Hi George
    I live in Québec and fill my returns in online… I didn’t think that they give you the option of declaring the sale of my house as income??? They will ask for the date of sale and they will automatically consider it to be a capital gain no?

    Cheers
    Jason

    • Real Estate Accountants says:

      I am not familiar with the online filing procedures etc that are used for Quebec. That being said, I cannot imagine a situation where the sale of a property is forced to be a capital gain and thus expect you may be completing the wrong forms in completing your returns where income is applicable. I can assure you, financially the government of Quebec will be quite pleased to accept income vs capital gains and the topic has many court cases throughout the country on the same.

      Warm regards…
      George Dube

  2. Dave says:

    Perhaps a silly question. My “Rent-to-Owns” are typically 2yr terms, thus I was told not to capitalize these. Secondly, I am of course claiming interest expense on my income statement. How is the principle portion of a mortgage payment accounted for? I haven’t been doing anything with it. Will I will be double taxed on this amount because the full rent payment vs only interest expense = nearly 50% income on each payment. What happens when I sell? Maybe I am fine… I am only taxed on the capital gain of the house, and not amounts that have been paid down by a renter.

    • Real Estate Accountants says:

      In briefly answering your questions, please keep in mind I am not familiar with your specific situation thus these are general comments. I recommend speaking with a knowledgeable advisor in some additional detail. As well, answers depend in part on whether investments are made through a company or personally as examples.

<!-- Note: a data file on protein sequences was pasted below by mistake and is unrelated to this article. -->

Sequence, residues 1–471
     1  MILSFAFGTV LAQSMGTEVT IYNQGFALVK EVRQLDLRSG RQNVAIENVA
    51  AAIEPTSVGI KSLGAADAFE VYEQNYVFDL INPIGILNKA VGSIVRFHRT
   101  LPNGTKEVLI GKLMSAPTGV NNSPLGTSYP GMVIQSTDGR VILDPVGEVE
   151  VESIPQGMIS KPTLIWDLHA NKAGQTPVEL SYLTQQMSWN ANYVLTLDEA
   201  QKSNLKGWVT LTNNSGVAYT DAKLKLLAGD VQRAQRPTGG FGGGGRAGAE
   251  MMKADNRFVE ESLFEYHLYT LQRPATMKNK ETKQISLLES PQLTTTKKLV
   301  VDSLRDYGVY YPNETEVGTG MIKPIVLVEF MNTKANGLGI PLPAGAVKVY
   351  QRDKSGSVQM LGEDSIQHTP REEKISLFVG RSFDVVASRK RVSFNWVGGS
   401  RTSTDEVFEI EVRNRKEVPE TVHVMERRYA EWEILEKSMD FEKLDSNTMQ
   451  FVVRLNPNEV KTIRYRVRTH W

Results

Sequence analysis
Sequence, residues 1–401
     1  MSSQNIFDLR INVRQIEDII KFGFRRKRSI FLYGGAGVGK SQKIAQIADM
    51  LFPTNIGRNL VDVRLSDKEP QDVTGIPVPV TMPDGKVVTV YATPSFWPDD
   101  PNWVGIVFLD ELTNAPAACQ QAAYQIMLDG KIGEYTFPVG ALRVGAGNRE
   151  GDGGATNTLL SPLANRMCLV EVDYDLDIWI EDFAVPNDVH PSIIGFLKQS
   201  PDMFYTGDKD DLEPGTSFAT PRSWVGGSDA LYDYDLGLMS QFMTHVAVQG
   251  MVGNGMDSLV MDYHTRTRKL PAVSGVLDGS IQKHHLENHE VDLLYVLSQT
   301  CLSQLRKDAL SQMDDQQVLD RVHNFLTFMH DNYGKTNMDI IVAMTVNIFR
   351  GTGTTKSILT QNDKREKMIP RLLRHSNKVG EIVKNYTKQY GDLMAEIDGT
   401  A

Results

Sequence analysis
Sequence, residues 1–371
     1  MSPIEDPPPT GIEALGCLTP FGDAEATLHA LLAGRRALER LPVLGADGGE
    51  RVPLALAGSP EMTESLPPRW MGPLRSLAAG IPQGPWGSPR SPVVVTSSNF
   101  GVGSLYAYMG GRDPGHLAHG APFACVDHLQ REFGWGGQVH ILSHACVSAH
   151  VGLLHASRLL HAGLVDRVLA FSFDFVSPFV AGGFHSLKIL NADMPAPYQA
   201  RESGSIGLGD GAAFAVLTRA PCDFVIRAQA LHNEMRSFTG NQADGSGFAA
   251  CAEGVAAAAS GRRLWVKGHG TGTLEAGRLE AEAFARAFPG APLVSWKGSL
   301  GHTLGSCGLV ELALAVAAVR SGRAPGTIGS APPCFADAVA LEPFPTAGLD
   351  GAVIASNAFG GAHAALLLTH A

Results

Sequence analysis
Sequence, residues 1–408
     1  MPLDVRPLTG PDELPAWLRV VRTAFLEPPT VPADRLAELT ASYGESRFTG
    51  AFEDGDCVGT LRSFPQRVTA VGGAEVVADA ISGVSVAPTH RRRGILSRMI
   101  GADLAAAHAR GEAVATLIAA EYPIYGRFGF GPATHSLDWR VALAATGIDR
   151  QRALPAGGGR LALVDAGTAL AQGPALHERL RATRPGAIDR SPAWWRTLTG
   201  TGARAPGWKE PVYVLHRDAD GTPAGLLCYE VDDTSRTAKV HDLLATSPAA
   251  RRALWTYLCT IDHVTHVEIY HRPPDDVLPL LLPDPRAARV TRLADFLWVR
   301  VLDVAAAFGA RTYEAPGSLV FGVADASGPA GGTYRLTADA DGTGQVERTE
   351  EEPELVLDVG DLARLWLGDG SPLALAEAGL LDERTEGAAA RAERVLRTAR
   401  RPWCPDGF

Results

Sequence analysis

The term of your RTO is within the typical 2-3 year periods we most frequently see. Certain costs should be included as part of your property inventory as compared to expensed or included as a capital asset available for depreciation.

      The principal portion treatment could be a much longer discussion. A short answer is that the principal is as you mentioned excluded from any deduction. If you were to deduct the principal, you would be effectively double dipping as you would also ultimately deduct the cost of the property. For example, if you borrowed $75k for a $100k property, and deducted both the principal and property, you would get a $175k deduction for a $100k property. The CRA is not quite that generous!

      As a last comment, keep in mind that in most cases you will have straight income as compared to a capital gain on the exercise of the purchase option.

      Warm regards…

  3. Alex Lao says:

    Hi,
    I have a RTO that we sold under our incorporated company. Can we use that income as payment to the shareholders for the downpayment when we initially bought the house?
    Thanks

    Alex

    • Real Estate Accountants says:

      Provided that the company still owes you funds, considering this and all other corporate activity, yes it’s possible to use the after tax proceeds to repay yourselves tax-free from the company. Just to clarify, the corporation will still be paying taxes on the sale of the property before considering any repayment to the shareholders (I.e. The shareholder repayment does not reduce the taxable income.)

      Warm regards…

  4. Zoe says:

    Hi George,

    Quick question. What if the Rent-To-Own agreement falls through after a year (the tenant defaults). If the property is subsequently sold at a much higher price in the market, is the gain on that sale (for personal tax purposes) considered a capital gain or income? I’m confused about whether the initial intent (entering into a rent-to-own for income purposes) skews the circumstances of the market (prices happened to go up a lot before we sold the asset). Thanks!

    • Real Estate Accountants says:

      Quick answer: it depends!